Because the HA stalk domain is shielded from the immune system by the immuno-dominant head domain during natural infection or conventional influenza vaccination, augmented exposure of the stalk domain to the host immune system through antigen design and selected vaccination regimens are crucial. Current strategies employed for stalk-oriented antigen design include the following: (1) Truncated HA that lacks the globular head domain. In this approach the designed headless stalk domain, as a conformational epitope, is required to maintain its appropriate conformation (pre-fusion) despite the absence of head domain. One of the most critical issues here is how to stabilize the headless HA, which is predisposed to instability. Some progress has been made on optimization of antigen design and construction, which were facilitated by the use of recombinant protein expression and protein minimization methods [66,67]. These resulting vaccines only conferred protection against lethal homologous virus challenge. It was found that when expressed in the form of VLPs in a mammalian system, the headless stalk domain was only expressed at low levels and the conformational stability of the pre-fusion stalk domain was not confirmed [68]. (2) Short peptide epitopes (including the fusion peptide and A-helix) from the stalk domain. These selected peptides can be fused with carrier proteins (for instance, keyhole limpet hemocyanin) for improved antigen presentation and enhanced immunogenicity based on the adjuvant function of carrier proteins. One recent report showed the competence of this fusion protein approach in conferring broad protection against influenza subtypes from both groups 1 and 2 [64]. (3) Sequential vaccination with a panel of recombinant chimeric HA (cHA) proteins each containing an identical stalk domain in pair with head subunits from different influenza virus subtypes [69,70]. In this case, cHAs retained an intact structure resembling the wild type HA, but selectively boosted immune responses against the stalk domain [60,68]. In fact, sequential exposure to antigenically divergent wild type HAs can also induce broadly reactive antibodies specific to stalk domains [64]. Previous exposure to distant homosubtypic viruses prior to vaccination actually enhances stalk-directed immune response in ferrets [61]. In addition, vaccination regimens including DNA-priming followed by a heterologous protein/inactivated virus/replication-defective adenovirus vector-boost were found to elicit high titers of stalk-specific antibody responses [61,71,72]. (4) Modification of the head domain to mitigate its immune−dominance, for instance by N-linked glycosylation modification of immune-dominant antigenic sites in the head domain. It has been demonstrated that the hyper-glycosylated HA protein induced higher (compared to wild type HA) titers of stalk-directed antibodies which react with a panel of both heterologous and heterosubtypic viruses [73]. On the other hand, it was found that vaccination of monoglycosylated H1N1 HA (HAmg) induced significantly enhanced cross-protection against multiple homosubtypic strains compared to both fully glycosylated (HAfg) and unglycosylated HAs (HAug). Additional data suggested that HAmg elicited enhanced CD8+ cytotoxicity effects as well as HA−specific cross-protective antibody secretion [74].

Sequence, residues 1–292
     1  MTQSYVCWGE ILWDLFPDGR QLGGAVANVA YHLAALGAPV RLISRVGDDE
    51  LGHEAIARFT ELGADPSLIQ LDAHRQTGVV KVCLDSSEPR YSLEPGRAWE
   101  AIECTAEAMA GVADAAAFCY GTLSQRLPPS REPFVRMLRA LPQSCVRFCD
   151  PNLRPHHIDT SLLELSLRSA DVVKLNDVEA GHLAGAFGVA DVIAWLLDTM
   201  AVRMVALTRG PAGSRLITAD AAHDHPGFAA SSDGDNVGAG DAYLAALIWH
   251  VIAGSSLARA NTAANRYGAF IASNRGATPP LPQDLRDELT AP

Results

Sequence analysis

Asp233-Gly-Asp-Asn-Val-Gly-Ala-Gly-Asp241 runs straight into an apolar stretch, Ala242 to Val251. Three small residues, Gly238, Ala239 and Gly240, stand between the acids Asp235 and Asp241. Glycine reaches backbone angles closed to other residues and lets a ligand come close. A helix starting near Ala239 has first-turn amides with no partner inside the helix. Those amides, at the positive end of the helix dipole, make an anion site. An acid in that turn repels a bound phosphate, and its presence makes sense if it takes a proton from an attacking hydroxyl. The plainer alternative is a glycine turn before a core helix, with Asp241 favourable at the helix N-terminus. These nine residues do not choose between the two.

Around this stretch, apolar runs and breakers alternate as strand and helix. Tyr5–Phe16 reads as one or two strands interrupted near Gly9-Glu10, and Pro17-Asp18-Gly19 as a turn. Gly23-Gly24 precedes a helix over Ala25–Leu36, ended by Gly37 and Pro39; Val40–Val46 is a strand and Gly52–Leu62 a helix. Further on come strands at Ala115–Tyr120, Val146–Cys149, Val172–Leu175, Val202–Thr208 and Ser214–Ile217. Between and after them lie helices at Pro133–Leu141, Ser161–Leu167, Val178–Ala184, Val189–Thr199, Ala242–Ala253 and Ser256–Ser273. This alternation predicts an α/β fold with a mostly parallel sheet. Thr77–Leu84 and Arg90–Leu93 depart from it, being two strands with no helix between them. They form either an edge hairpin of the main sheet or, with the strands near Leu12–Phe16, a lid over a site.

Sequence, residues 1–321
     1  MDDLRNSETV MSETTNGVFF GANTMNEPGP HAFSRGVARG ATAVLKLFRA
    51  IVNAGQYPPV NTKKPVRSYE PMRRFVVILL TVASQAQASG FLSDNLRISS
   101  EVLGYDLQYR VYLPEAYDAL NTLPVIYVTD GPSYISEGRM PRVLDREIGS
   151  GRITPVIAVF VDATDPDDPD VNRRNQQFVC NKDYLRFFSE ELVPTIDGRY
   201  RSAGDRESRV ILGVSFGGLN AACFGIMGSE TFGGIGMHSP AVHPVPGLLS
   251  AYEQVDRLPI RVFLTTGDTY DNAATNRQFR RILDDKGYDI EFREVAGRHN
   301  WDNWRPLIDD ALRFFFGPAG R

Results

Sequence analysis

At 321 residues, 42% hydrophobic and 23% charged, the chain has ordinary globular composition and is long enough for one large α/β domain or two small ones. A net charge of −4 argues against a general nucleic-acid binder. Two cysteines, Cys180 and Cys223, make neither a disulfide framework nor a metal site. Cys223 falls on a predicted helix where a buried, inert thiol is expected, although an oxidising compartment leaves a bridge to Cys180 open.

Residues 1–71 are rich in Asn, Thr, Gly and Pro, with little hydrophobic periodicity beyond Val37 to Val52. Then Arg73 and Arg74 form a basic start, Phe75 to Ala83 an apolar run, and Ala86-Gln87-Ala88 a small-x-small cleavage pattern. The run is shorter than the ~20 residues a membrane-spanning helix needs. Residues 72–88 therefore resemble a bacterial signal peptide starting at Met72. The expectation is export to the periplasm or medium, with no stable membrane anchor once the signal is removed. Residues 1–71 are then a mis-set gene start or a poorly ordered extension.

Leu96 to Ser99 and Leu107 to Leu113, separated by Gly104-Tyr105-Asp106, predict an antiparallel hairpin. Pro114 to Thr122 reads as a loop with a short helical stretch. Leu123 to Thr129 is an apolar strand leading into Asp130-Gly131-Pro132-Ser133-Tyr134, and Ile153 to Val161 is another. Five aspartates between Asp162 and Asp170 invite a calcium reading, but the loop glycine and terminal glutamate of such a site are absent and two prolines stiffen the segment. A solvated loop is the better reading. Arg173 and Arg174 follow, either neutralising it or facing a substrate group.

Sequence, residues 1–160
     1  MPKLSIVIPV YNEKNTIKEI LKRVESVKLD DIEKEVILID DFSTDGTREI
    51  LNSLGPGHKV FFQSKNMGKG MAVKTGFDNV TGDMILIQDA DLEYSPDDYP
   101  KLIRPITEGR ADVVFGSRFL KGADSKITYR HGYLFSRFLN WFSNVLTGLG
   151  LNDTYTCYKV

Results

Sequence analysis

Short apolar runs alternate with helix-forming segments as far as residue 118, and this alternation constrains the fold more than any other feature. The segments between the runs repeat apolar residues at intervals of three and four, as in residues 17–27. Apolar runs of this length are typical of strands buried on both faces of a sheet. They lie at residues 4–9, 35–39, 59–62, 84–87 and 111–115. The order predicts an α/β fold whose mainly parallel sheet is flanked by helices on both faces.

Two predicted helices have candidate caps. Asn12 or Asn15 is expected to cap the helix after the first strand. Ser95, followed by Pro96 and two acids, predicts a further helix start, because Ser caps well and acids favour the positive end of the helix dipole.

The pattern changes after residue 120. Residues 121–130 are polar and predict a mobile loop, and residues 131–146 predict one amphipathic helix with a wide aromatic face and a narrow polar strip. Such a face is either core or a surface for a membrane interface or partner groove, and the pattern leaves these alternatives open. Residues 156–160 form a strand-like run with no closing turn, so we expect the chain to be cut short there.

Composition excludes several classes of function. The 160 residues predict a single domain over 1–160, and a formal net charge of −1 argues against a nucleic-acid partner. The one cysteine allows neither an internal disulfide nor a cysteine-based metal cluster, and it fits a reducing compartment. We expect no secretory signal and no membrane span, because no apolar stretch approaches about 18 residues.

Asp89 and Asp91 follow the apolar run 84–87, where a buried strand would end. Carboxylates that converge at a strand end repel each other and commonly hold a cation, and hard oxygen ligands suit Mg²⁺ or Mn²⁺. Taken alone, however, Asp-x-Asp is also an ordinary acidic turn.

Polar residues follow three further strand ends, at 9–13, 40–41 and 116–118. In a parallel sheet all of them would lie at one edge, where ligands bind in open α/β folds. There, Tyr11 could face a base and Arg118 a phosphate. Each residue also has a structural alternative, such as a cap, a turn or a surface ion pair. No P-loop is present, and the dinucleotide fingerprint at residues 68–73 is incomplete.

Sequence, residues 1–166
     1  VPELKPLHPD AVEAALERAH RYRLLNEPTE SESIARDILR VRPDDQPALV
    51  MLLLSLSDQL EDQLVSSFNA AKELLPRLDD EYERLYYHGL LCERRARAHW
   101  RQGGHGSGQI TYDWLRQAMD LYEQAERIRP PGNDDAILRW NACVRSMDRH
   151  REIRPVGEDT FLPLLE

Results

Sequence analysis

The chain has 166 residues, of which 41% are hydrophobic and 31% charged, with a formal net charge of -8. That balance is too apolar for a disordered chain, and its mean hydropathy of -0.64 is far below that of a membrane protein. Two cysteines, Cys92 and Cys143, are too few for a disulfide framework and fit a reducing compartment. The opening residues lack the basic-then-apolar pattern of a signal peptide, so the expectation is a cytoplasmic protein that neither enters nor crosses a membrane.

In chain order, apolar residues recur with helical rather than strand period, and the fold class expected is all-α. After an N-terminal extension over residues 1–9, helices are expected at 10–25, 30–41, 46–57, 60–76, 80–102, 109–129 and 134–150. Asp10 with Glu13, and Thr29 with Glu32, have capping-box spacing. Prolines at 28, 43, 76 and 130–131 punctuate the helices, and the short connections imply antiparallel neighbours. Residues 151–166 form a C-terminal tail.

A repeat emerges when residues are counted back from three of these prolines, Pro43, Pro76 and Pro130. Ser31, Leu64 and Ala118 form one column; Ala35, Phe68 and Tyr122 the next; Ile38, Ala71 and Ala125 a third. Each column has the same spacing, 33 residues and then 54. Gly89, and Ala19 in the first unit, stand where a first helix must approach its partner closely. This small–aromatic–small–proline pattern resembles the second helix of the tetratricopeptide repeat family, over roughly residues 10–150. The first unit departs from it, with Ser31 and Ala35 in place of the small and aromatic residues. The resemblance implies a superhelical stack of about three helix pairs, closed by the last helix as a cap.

Antigens induce antibody responses including both neutralizing and non-neutralizing antibodies. Recent studies demonstrated that non-neutralizing antibodies sometimes can even enhance infectivity [75,76]. The virus-antibody complex can be recognized by Fcγ receptors on macrophages or other types of cells, which may promote endocytosis of virus particle and subsequent viral infection events [77,78,79]. Khurana et al. reported that whole inactivated H1N2 virus (WIV-H1N2) vaccination resulted in enhanced vaccine-associated pneumonia and disease after mismatched pH1N1 virus challenge in swine [80]. A short fragment downstream of the fusion peptide in the stalk domain of H1N1 HA was found as the predominant epitope for WIV-H1N2 immune sera. It was suggested that this non−neutralizing anti-stalk antibody may promote H1N1 infection by enhancing H1N1 virus membrane fusion activity. These findings imply the necessity of careful evaluation of non-neutralizing antibody responses and vaccine-enhanced disease during the development of HA stalk-based universal vaccines.